That it unfolds along predictable lines is obvious. Every episode is basically interchangeable with every other episode and the whole series exists in a vacuum of plot. It's formulaic, repetitive, and seemingly produced rapidly - it occasionally has the weary vibe of shooting five or six episodes a day. The bulk of the show's emotional hook involves the contestants explaining directly to camera what they would do with the prize money but more often than not the hard working chefs simply want to take their family on vacation. Of course it would be nice for them to do so, but you don't feel too bad about it when they get sent home after losing. Though the editors shrewdly deploy the reality tv juicing techniques of tension, corny music cues, and post mortem play-by-play commentary from the competitors, it never feels particularly manipulative. Even the product placement is gentle - though many consumer goods are obviously shown on screen (including those that are Guy Fieri branded), they seem to be legally unable to actually utter the brands' names. Velveeta - used often on the show - is called "boxed cheese," an obvious bag of Cheetos is "cheddar cheese doodles." It's hard to feel like this show actually wants anything from me at all. And because of the time constraints and Guy's other devilish twists the food never actually looks all that appetizing. I can appreciate the humor inherent in a fat man like me watching a show about food while I work out, but it's a depiction of food almost in the abstract. Plus the early 2010s pace of the show seems blissfully unaware of the contemporary need for 15 second vertical video clips - I can't imagine anything from this show ever gaining traction on TikTok. I don't feel particularly acted upon by this media, one of the forms of safety it currently provides me.
The aisles of Flavortown Market are wide enough to run through screaming. They're well-lit, bountiful, and safe, full of specialty proteins and hard-to-find produce. Nothing is ever out of stock, no produce is ever about to spoil. And on the show the groceries never even leave the building - they are deployed immediately, directly from shelf to kitchen battle station. They never cross the threshold of a home, never do they enter the complicated web of a domestic space, where people can be mad or disappointed or stressed out about the week's budget. Food and cooking are so profoundly at the center of our complicated lived experiences - what we eat is reflective of our culture, our ecology, our class, and our health, but this show isn't super interested in any of that. The most you'll hear about it is how someone's proud to serve the judges their grandma's recipe, that's nice and that's the extent of it.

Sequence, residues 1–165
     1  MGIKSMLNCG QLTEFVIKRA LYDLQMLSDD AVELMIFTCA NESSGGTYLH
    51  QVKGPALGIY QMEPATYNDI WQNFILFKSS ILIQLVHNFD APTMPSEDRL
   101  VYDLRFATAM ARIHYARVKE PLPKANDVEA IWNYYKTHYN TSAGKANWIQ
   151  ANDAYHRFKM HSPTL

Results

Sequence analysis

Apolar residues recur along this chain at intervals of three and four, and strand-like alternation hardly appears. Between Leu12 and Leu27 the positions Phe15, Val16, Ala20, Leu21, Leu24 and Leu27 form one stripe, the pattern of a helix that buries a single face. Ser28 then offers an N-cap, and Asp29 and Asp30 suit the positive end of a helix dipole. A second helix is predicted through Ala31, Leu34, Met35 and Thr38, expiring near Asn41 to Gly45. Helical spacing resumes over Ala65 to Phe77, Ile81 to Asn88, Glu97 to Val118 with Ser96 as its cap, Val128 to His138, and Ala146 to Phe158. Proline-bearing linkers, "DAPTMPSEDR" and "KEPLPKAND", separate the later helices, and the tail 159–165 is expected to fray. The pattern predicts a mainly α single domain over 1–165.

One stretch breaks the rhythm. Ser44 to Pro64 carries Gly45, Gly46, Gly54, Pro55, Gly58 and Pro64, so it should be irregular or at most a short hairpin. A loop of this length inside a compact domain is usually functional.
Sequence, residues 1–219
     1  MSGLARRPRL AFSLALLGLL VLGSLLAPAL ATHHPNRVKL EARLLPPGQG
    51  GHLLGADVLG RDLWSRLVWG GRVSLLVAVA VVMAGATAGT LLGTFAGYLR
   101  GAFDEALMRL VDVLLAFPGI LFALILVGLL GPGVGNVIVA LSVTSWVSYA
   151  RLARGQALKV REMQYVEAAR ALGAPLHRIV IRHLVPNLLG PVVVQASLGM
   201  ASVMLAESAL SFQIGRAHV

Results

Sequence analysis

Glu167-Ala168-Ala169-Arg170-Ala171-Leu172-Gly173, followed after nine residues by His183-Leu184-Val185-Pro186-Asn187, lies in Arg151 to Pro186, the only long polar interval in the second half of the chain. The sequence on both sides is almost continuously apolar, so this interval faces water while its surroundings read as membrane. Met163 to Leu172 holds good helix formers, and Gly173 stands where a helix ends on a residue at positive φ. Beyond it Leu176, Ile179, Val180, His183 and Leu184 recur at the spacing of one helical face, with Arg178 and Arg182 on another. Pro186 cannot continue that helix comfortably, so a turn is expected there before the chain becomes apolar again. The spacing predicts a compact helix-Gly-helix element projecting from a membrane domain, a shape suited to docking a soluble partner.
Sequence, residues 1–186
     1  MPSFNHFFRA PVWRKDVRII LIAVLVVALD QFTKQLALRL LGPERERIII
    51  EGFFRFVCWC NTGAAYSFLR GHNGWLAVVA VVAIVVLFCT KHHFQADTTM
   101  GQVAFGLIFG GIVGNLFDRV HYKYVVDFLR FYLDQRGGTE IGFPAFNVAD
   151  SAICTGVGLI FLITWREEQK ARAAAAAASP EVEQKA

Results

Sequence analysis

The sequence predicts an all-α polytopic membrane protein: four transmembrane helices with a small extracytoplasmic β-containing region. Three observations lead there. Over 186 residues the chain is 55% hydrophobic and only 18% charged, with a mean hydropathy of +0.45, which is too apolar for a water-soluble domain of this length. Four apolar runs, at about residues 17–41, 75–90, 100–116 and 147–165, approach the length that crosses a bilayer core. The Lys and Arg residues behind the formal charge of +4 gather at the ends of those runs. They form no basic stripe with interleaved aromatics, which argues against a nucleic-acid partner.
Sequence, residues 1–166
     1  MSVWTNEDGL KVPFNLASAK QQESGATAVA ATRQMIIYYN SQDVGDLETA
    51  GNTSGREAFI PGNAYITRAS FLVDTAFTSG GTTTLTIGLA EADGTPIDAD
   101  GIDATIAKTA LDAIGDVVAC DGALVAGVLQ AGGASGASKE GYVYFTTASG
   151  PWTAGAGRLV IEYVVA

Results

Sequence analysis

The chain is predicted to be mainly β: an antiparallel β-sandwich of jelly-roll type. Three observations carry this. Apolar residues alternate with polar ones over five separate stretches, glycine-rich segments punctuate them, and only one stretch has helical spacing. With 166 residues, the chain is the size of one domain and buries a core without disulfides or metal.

It was only after I had settled into a routine of watching this inane game show that I realized it held particular resonances for me. It's proudly filmed in Santa Rosa, California, and the relaxed pace, the total lack of weather, and the overall nonchalance of the show has a distinctly west coast energy that I recognize from growing up there. Unhurried, unbothered, plenty of vitamin D to go around, all familiar. There's a certain wholesome evangelical je nais se quois to the proceedings, as well, and I was totally unsurprised to learn that a couple of the judges self-describe as "Jesus nerds" (although interestingly I just googled "Guy Fieri christian?" and did not get the answer I expected).
One day soon I will tire of this. The exercise bike will go back in the closet when it finally becomes more possible to be outside. Until then, though, I will continue to utilize the blankness of this media. Astral projecting into flavortown.
But what about you? What are you watching the pass the time while you sweat? Do you also feel constantly acted upon? Do you have what it takes to battle it out on triple G?